Only he didn't want to be there with the younger ones. He always wanted to be with the bigger ones. By his nature, David walks between conflicts, seldom taking sides, trying to balance, to understand everyone and reject no one.

As for what's coming at him, he's more aware of what the army is than his brothers were at the same age. Elie had no one really to speak with before and so he carved a path - for himself and for the others. Shmulik went through the Hesder program; different in many ways than the experience that Elie had. David goes through Hesder but also speaks with Elie and the others.

He's lived with the army not just in our society, as Elie and Shmulik did, but in our family. Elie was eight years old when David was born; Shmulik was about to turn six. David was 11 when Elie went into the army; 13 the first time Elie went to war. He was 14 when Shmulik went in to the army and 15 the second time Elie went to war. He sat around our table listening first to Yaakov, then Elie, then Shmulik and Chaim speaking about the army.

More and more, he has reached the older group - where he speaks a common language of army, of cars, of computers and smartphones. In November, he goes into the army. I've been asked to speak abroad again (more on that later) and will be abroad for 5 days and though David thinks his group will be inducted close to the end, I have this growing feeling of dread that the dates will shift and I'll be abroad.

I'm experienced enough with the army to know that it is a silly thing to feel this dread. Even if...even if...I am abroad - all I will miss is that ride to the drop off point, where, if I'm lucky, I'll get a kiss and a hug and a quick wave...and then I'll talk to him later and he'll tell me he's wearing a uniform.

The first week is nothing - and they send them home for Shabbat...and by then, I'll be home to see him...even if he goes in while I'm away. Even the first six months are nothing, I remind myself repeatedly. He'll be in training at least that long, if not longer.

The "relative" quiet is holding - a few rockets here or there, not many - certainly not enough to trigger a it looks like the pattern will hold and there will not be a war this year. In 2009 there was held for four years, another in 2012, another in 2014.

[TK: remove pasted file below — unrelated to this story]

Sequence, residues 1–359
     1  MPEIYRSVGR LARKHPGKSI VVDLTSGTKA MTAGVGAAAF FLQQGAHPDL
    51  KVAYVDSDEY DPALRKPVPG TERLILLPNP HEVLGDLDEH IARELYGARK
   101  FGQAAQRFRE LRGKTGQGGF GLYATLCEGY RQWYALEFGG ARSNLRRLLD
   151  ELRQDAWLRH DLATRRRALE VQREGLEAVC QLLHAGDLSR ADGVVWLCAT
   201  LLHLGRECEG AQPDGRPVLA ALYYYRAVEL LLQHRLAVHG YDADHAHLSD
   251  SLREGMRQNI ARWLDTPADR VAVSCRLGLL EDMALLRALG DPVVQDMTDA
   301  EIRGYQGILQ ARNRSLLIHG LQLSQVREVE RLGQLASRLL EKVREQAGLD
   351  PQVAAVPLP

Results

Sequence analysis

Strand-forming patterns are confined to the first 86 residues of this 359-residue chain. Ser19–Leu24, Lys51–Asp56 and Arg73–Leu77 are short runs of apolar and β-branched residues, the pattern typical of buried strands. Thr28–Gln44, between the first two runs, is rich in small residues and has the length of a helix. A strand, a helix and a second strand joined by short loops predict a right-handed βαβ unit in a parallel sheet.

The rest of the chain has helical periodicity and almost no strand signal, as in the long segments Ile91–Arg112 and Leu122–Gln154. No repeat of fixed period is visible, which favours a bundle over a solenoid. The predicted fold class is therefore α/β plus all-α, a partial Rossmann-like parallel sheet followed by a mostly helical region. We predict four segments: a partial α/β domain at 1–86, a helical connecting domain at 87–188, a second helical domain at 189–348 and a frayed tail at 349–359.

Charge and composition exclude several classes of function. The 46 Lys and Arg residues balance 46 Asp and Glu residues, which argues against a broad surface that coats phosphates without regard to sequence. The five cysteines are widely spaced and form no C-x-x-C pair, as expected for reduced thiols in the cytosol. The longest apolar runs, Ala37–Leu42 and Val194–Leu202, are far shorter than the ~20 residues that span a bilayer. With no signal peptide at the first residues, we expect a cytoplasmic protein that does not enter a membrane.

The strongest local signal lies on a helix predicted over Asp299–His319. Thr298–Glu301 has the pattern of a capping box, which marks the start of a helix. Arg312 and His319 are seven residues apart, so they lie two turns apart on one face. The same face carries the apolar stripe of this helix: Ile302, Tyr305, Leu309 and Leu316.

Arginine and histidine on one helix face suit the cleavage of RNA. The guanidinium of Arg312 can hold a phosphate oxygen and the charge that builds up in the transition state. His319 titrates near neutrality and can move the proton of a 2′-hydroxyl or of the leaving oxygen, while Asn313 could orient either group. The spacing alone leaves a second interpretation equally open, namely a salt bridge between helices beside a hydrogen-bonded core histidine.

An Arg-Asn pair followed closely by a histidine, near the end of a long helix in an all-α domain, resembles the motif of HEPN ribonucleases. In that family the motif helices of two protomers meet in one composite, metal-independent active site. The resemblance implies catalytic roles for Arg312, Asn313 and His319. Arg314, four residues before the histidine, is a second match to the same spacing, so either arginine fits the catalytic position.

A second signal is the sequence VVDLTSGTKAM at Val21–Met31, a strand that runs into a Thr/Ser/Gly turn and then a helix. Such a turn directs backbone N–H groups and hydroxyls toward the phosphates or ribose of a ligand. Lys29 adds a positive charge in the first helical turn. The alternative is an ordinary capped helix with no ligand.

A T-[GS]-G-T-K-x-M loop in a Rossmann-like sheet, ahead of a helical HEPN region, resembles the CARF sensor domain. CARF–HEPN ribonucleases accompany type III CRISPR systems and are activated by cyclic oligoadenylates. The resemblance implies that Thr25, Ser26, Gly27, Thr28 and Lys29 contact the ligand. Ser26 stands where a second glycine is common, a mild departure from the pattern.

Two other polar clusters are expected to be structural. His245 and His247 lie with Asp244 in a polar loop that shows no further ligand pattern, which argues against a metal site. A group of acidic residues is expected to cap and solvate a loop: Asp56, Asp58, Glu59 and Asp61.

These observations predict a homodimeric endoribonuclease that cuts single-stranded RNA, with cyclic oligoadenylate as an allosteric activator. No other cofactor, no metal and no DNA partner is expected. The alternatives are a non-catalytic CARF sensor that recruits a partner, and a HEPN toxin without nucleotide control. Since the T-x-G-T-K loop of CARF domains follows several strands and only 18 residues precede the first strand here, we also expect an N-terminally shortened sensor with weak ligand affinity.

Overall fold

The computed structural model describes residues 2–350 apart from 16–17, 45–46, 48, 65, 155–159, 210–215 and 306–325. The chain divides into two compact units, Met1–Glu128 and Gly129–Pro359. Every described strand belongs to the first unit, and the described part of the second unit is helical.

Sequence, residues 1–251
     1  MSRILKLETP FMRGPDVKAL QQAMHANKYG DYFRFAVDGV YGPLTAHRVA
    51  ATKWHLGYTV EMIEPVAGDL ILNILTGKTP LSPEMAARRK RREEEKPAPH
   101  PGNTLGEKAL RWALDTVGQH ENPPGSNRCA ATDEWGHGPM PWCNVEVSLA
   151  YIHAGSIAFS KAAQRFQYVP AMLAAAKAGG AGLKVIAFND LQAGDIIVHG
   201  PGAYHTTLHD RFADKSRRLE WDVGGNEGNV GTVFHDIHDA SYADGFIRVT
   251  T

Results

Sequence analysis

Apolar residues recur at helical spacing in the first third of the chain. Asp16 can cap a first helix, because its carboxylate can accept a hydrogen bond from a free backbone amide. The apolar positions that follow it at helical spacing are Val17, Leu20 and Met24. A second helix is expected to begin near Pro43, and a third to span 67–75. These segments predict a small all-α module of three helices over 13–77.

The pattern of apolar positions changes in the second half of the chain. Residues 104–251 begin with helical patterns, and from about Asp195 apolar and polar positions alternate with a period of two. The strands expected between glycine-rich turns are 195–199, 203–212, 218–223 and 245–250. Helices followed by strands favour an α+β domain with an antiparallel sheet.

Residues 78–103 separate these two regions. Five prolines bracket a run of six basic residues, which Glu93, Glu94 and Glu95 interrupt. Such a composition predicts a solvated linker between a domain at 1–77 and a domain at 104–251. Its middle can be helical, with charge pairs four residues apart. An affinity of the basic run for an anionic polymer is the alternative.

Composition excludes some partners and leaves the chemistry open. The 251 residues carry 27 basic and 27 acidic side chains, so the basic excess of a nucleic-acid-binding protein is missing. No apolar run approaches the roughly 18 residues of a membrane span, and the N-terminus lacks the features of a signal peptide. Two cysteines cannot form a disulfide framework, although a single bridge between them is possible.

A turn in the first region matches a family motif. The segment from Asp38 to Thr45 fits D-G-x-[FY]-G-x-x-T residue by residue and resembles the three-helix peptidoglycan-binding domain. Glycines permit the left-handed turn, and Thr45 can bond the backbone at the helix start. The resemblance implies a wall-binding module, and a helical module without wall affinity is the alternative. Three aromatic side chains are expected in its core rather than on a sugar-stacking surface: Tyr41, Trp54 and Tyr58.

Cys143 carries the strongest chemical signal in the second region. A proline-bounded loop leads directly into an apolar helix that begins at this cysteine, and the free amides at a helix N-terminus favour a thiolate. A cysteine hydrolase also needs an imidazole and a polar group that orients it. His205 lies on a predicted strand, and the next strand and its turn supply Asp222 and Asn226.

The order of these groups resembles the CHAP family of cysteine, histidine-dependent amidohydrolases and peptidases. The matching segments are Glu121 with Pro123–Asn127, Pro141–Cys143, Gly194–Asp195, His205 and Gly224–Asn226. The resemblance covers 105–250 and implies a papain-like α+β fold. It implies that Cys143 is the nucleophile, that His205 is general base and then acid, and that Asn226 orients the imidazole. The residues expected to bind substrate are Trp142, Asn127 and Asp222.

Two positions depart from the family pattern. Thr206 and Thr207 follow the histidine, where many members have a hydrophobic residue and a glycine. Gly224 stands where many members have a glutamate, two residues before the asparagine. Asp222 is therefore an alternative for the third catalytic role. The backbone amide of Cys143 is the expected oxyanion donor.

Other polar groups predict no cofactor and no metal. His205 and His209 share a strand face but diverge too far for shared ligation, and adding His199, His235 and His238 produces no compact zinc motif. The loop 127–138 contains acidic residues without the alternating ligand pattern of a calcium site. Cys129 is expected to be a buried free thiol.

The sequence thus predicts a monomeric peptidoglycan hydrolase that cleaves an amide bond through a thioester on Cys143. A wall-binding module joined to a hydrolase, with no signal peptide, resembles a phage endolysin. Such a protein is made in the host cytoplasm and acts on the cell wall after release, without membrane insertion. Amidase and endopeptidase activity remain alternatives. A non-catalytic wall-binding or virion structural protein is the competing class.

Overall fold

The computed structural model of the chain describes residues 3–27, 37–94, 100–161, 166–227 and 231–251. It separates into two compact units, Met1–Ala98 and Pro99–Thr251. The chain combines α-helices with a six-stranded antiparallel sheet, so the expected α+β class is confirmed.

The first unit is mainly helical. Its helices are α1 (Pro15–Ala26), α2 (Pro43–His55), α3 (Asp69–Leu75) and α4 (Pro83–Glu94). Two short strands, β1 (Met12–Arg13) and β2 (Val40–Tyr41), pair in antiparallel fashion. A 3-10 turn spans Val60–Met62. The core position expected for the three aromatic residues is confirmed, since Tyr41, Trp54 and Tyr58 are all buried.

If I do the math, the summer of 2016...before/after - David will be finished with basic training. Givati, Golani, Shiryon...ground forces, tanks,'s all too frightening to consider and it's really only a mind game because we never know. A dozen times there will be hints that a war is about to start and each time, suddenly, it will fizzle...almost quiet again...just enough quiet to deter a response...until the fizzle turns to sizzle and the quiet we were expecting doesn't come...and a whisper of mobilization, and then war...

My third soldier (with apologies to Yakov who was my first in many ways and Chaim who was my fourth); my youngest son (even factoring in Yakov and Chaim on this one). In a few weeks, more soldiers will be inducted; and then, a few months after that, David.

In the quiet of my heart, I don't believe I'll survive this one. And before you ask or fear, I'm fine...I am...and my brain has already kicked in, yelling at my fingers for typing that first part...drama and stupidity, says my brain to my heart. You didn't think you'd survived Elie going in, Shmulik too. You did, and you'll survive this one. My heart looks away, stupid brain, I'm allowed my feelings and it isn't like I'm telling anyone else!

Did you not see the fingers type out your thoughts, my brain smirks at my heart. Leave me alone, my heart says again. Just leave me alone. I'm breaking with this one, I am, says my heart. Drama and stupidity says my brain again and though my hand doesn't move, the brain registers a slap to my forehead.

And while the debate inside of me rages, the words I'll never say; thoughts I'll never share float to the surface. I can't do this again.

I know that I will...and I will. Really. The heart is really full of drama sometimes; it lacks the logic of the brain. It feels, so deeply. Everything is magnified, extreme. It breaks, it fears, it mourns, it shatters, and is rebuilt.

The brain is so much calmer, almost embarrassed by the heart. The brain is happy that the mouth is close by so it can be controlled more easily and words the heart would utter are never spoken. The mouth takes its instructions from the brain, after all, leaving the deepest expressions of the heart unsaid.